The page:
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  • Under the inspiration of his friend Demetrius of Phalerum, the Athenian orator, statesman and philosopher, this Ptolemy laid the foundations of the great Alexandrian library and originated the keen search for all written works, which resulted in the formation of a collection such as the world has seldom seen.

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  • They remained severely orthodox in the doctrines of the Fathers - the Trinity, the Incarnation, the plenary inspiration of the Bible - and they condemned those who rejected their teachings to a hell whose fires they were not tempted to extenuate.

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  • Religious consciousness asserts, no doubt, that God is necessary to the soul: from Him as its inspiration, to Him as its ideal are all things.

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  • But the Huguenots, under the inspiration of Coligny, made three attempts to found colonies to the south - at Rio de Janeiro in 1555-1567, near the present Beaufort, South Carolina, in 1562, and in Florida in 1565.

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  • A glance at the exquisite textiles reveals at once the inspiration of mural decorations.

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  • Balak meets Balaam and they go together [and offer sacrifices]; Balaam, however, blesses Israel by divine inspiration; Balak remonstrates, but Balaam reminds him of his message and again blesses Israel.

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  • The chief significance of the Balaam narratives for the history of the religion of Israel is the recognition by J and E of the genuine inspiration of a non-Hebrew prophet.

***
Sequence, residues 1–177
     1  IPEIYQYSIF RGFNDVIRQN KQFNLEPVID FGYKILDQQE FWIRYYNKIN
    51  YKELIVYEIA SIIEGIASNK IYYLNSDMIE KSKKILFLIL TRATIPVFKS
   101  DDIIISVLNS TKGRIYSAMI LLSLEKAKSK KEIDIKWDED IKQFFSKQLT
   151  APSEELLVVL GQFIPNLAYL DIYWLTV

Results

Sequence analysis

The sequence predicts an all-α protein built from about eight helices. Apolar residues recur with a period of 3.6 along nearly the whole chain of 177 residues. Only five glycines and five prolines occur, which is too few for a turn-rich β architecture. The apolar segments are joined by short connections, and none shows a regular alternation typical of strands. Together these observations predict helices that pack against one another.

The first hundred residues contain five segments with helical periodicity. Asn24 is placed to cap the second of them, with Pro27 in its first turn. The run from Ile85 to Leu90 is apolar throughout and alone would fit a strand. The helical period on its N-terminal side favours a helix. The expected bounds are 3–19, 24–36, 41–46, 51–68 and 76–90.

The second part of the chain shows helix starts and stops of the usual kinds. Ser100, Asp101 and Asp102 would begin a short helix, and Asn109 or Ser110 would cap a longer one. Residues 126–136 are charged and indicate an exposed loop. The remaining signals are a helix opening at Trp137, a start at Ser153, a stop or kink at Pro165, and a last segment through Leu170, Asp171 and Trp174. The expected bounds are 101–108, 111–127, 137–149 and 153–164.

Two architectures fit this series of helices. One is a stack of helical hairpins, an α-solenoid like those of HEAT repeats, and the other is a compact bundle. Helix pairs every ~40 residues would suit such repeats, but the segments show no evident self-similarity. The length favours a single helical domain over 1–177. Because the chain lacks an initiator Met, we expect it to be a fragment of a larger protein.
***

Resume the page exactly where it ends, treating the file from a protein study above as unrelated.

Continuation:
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  • "I told you so," he replied to the expostulations of the lady, "there is no inspiration in Christianity now!"

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  • Thus mutual oversight and care are among the duties of the members of Christ's body; while their collective inspiration, enabling them to " try the gifts of godliness " of specially endowed fellow-members, is the divine warrant in election to church office.

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  • At the age of ten he composed a tragedy under the inspiration of Caesarotti's translation of the Ossianic poems. On the marriage of his twin sister Rosina with a maternal cousin at Lyons he went to reside in that city, devoting himself during four years to the study of French literature.

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  • It is one of absolute loyalty and deference, as to the teaching of inspiration.

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  • In the years1880-1881Lord Selborne wrote to his son a series of letters on religious subjects, dealing in an elementary way with natural and revealed religion, the inspiration of the Bible and Biblical criticism.

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  • Apostleship, prophecy and teaching were only functions, whose frequent or regular exercise by one or another, under the inspiration of the Spirit, led his brethern to call him an apostle, prophet or teacher.

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  • In natural soothsaying this frenzy is the necessary physical accompaniment of an afflatus which, though it seems supernatural to a rude people, is really akin to poetic inspiration.